JD: Well the San Fran deal ranks right up there, but I did this one show with April last year in Uniontown, Pennsylvania. As usual, the promoter hyped up that this show was gonna be huge, blah, blah, blah. I had a show the night before in Pittsburgh (2 hrs away) so we weren’t going to check into our hotel until after the show. Axl Rotten and Sharkboy were also booked on the show. The rest of the locker room were all backyarders. We get to the venue (use that term loosely) to find a very small bar. The place could only hold 75 or 100 with a 16ft ring. The 4 of us sat on a couch and watched as they unloaded a 20ft ring… it was so big inside that bar, that one side was up against the bar and the other side was up against the wall. That left 2 sides and one side had a permanent row of bar stools. Now, this place could maybe hold 35 people. How could 35 people be enough to pay all of us? So we grabbed the promoter and took him into the bathroom and asked what was up with our money. ‘I have it, don’t worry’ he said. Whatever he had us booked in, we changed it so the 4 of us were in a match together as these backyard turds were talking about blading and doing all kinds of stupid ass hardcore stuff even though nobody was going to be there. There was maybe 25-30 people there once the bell rung. We had fun with each other and still scored the loudest reactions of the night (without all the blood, chairs and tacks). After the show, the promoter came up to us and told us he had no money, but he had a beer jar in his hand full of cash from the bar. Axl started fuming as he walked away, but April and I took off after him and snatched all the money out of the jar. There was actually about 75% of our money in there. The situation got intense with Axl and this loser so we headed to the hotel where we found out promoter’s card had declined. Now it was after midnight, we were 8 hrs from home and had to pay for our own room. Axl and Sharkboy had left their bags in their rooms and now were locked out. Last I heard, neither of them go their money, our 75% we confiscated out of that jar was now less as we had to pay for our room ($65). Get this, promoter calls the next day and says if he can sort our our money issue in the next few weeks, will we come back and not tell people what happened… LOL. How did I handle it? Never went back and buried this peice of sh*t to everyone including him when he called.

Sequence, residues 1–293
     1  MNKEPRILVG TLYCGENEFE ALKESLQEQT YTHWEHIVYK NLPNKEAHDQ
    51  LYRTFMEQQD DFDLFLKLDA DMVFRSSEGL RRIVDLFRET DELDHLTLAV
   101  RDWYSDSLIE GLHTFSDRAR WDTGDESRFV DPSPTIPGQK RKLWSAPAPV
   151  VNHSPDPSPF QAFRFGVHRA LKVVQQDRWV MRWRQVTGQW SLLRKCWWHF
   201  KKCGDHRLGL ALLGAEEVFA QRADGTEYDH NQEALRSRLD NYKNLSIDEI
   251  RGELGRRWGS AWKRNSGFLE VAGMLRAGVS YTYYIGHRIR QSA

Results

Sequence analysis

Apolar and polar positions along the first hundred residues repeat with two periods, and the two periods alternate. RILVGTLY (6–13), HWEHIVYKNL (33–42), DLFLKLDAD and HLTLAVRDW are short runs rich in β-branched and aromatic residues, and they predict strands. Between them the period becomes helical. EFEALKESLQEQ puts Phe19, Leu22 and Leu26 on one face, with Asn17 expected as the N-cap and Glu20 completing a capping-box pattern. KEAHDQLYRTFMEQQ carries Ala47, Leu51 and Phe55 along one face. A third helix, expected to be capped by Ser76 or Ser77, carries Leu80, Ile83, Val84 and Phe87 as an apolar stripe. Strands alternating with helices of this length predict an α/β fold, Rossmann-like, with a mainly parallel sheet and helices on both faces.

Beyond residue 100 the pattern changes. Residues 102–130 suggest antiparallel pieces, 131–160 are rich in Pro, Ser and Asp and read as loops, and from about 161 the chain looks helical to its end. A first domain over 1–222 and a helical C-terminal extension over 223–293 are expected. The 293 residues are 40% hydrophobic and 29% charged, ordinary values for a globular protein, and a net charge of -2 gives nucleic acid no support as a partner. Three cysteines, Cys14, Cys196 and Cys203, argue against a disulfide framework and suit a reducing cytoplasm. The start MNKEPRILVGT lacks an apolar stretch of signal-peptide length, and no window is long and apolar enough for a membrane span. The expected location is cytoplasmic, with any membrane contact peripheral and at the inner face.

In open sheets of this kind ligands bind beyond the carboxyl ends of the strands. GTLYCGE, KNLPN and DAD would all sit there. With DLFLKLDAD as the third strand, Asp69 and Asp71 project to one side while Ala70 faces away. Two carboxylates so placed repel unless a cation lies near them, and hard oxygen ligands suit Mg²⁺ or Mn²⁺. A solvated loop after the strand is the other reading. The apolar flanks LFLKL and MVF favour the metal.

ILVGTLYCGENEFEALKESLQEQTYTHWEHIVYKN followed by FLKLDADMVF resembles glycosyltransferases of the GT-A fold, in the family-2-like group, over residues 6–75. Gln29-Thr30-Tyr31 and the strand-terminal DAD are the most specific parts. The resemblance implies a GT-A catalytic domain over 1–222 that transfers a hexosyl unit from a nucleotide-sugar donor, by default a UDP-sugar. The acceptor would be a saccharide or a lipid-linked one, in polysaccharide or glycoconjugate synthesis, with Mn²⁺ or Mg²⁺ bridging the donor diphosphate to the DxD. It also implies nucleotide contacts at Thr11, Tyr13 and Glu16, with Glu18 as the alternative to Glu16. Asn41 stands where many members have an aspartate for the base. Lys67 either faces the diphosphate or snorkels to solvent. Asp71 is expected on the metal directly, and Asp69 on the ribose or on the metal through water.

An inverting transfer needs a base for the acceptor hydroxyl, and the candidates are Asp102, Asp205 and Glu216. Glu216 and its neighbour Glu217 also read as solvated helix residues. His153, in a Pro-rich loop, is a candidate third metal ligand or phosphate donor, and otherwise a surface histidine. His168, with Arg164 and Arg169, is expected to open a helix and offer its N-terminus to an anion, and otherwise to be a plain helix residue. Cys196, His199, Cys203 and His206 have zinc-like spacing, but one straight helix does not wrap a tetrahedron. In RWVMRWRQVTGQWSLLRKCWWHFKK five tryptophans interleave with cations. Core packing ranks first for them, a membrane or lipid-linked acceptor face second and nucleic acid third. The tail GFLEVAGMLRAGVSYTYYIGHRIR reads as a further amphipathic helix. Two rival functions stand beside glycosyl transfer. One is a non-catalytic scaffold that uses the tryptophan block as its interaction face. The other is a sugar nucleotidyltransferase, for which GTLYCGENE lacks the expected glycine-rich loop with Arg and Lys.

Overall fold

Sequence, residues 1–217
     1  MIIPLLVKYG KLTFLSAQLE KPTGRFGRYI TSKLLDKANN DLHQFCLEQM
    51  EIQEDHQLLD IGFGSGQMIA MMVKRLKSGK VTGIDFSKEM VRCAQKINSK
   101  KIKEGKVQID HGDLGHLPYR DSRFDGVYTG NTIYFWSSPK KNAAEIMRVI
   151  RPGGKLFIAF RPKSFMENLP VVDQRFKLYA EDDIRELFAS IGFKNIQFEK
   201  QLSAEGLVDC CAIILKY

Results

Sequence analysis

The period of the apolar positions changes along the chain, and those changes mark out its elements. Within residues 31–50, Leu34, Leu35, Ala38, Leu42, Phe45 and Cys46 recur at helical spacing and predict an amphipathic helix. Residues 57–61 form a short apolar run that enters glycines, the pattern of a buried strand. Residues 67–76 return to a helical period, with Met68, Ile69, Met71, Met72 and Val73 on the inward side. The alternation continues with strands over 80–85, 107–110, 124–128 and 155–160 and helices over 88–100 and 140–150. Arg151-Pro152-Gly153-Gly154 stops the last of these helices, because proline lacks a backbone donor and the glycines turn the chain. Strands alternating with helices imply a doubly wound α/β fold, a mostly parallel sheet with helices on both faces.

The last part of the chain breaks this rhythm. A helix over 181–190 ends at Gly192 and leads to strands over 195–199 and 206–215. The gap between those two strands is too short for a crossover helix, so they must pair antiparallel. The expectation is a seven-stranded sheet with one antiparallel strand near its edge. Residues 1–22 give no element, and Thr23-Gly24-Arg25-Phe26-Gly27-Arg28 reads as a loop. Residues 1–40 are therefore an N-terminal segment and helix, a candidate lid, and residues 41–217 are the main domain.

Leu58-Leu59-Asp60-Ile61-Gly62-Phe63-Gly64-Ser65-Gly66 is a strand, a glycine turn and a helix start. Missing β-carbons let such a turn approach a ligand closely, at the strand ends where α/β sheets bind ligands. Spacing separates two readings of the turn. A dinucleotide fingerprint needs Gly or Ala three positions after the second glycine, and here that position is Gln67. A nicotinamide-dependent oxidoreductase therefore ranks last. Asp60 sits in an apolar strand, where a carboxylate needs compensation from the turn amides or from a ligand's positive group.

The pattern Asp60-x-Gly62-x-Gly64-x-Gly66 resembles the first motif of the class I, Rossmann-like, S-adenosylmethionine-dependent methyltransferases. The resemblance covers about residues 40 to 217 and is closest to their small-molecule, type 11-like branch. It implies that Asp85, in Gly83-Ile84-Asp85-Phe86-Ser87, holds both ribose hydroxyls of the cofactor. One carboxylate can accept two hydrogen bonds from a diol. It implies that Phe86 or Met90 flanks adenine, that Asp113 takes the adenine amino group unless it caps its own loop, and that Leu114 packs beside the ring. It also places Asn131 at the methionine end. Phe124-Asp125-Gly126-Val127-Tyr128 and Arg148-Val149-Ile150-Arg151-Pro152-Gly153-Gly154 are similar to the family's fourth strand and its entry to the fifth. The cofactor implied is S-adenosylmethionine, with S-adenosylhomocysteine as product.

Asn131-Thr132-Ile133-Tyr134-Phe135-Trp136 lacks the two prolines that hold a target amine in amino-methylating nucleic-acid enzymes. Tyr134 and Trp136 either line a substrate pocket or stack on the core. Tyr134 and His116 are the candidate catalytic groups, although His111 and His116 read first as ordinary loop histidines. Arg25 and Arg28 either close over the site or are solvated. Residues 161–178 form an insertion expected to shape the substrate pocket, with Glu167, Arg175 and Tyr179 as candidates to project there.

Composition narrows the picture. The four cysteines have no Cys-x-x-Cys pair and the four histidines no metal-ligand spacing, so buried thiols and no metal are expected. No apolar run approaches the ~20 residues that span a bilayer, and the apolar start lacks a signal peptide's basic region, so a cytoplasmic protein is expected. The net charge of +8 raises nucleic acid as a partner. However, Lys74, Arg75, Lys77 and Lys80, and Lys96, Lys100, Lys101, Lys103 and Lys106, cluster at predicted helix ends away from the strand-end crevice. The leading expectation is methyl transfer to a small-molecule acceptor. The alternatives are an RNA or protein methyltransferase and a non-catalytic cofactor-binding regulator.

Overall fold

MH: What do you consider the ideal situation? Do you have any advice for newer workers when it comes to being booked?
JD: The ideal situation isn’t asking for much. If we (promoter and I) agree on everything, it should stay that way. My responsibilty is to show up and bust my ass in the ring. If/when I do my part, then the promoter’s part should come into play, exactly what we agreed on. I do my 50%, you do your 50%, everything will be good.
As far as advice for other workers, look the part. Have gear, boots, kickpads etc. Go to the gym and get a tan… you don’t have to look like a bodybuilder, but you should look in shape so people don’t think just anyone can do this. Look like a professional. Get your feet wet as much as possible. Don’t be a big fish in a small pond. Meaning if you work your ‘home’ fed once a month and you’re the big man on campus, you’re not going to learn very much. But if you hit the road, work for different feds, be in different locker rooms, deal with different promoters, work with different guys in front of different fans, you’re going to learn a great deal. I know it’s hard if you have a shoot job/family etc. I have lost 2 or 3 jobs in my 7 years, and at the time might have been hot, but looking back, the experiences I went through are worth far more than whatever my paycheck would have been. The more you learn, the more you are aware, the better worker you will become.
Happy New Year!
Posted with the permission of JD Maverick. Not to be re-posted without the permission of JD Maverick!